A potentially greater threat is that government agencies will try to change church teachings. It is already happening in other nations. The Catholic Church, for instance, teaches that homosexual inclination is a “tendency toward an intrinsic moral evil; and thus the inclination itself must be seen as an objective disorder.” Bishop Fred Henry of Calgary, Canada, was investigated by the Alberta Human Rights Commission for doing little more than writing about this teaching in a newspaper column. Åke Green, pastor of a Pentacostalist church in Sweden, was tried, convicted, and sentenced to a month in prison for a sermon that insulted homosexuals.
    It may seem that legal recognition of civil unions or gay marriages is a trivial matter and one that respects the basic dignity of gay people. The unintended legal consequences that flow from such recognition, however, present a serious threat to religious liberty. Courts and legislatures need to consider these consequences before committing the nation to a policy with so many potential pitfalls.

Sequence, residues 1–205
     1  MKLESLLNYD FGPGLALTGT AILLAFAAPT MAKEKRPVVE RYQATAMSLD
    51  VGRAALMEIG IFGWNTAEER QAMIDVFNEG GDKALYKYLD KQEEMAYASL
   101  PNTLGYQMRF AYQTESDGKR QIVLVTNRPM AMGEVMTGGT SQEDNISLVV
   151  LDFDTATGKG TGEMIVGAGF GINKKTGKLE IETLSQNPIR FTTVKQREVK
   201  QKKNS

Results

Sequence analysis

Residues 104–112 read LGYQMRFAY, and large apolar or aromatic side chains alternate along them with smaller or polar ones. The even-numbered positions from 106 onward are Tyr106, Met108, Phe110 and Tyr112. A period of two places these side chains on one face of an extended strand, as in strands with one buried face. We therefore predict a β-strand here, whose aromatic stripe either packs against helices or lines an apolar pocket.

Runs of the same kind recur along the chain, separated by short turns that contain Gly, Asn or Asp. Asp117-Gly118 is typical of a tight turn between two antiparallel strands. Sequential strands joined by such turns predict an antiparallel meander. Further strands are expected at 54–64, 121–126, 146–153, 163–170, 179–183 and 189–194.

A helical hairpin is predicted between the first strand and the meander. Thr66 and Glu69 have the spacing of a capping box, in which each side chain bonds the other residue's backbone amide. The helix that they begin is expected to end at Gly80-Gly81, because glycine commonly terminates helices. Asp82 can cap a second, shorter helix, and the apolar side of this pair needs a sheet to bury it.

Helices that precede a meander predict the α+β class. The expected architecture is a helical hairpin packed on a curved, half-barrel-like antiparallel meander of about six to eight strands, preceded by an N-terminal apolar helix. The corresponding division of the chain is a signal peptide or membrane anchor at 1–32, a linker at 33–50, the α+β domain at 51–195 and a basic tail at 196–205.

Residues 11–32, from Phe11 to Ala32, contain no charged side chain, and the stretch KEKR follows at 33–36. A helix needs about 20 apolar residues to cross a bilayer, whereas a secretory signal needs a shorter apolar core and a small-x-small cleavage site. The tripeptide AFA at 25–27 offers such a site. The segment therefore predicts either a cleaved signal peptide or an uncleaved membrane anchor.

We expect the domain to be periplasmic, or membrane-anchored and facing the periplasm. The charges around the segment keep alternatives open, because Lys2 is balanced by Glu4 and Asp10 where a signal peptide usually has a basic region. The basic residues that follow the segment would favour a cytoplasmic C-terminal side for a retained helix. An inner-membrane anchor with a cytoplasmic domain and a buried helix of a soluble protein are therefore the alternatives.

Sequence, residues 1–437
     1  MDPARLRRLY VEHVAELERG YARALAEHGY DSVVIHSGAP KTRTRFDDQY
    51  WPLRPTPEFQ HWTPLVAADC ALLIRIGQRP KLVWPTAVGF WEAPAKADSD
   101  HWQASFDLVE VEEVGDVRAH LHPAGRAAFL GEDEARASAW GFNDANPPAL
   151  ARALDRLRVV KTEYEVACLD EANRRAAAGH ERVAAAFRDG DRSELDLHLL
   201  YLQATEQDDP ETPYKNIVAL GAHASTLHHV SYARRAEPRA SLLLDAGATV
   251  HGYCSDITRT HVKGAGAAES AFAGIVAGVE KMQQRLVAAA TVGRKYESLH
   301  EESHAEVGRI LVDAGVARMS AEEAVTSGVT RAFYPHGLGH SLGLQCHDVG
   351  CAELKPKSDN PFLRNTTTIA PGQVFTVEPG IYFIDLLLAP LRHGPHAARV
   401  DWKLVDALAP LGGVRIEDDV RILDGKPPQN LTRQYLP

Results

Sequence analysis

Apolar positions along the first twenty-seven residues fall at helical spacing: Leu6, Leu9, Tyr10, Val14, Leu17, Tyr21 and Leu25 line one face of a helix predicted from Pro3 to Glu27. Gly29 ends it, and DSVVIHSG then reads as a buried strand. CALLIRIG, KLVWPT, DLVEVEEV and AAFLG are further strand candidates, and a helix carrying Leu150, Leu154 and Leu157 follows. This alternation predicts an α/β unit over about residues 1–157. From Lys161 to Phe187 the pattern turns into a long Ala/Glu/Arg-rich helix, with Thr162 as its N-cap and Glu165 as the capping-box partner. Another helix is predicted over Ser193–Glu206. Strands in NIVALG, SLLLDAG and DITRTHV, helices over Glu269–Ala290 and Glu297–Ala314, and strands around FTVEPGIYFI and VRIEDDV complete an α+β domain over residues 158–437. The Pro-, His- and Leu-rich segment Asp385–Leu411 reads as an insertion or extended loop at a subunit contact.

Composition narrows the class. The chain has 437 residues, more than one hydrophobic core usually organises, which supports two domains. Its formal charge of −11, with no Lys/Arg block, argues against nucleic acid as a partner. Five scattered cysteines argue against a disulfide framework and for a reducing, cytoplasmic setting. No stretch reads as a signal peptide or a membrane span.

The views expressed by the authors and editorial staff are not necessarily the views of
    Sophia Institute, Holy Spirit College, or the Thomas More College of Liberal Arts.

    Subscribe to Crisis

    (It's Free)

    Go to Crisis homepage

    • Carlos Caso-Rosendi

      What if an American gay man (for example) marries a foreigner (also a man) and wants to extend his American citizenship to him?

      Has that happened yet? It seems to me that would be a way to circumvent immigration restrictions. The law already allows an American, either man or woman, to extend his or her citizenship to a foreigner by marriage. The extension of that right would make it very easy for individuals to “sell” legal entry into the country.

      Just a thought.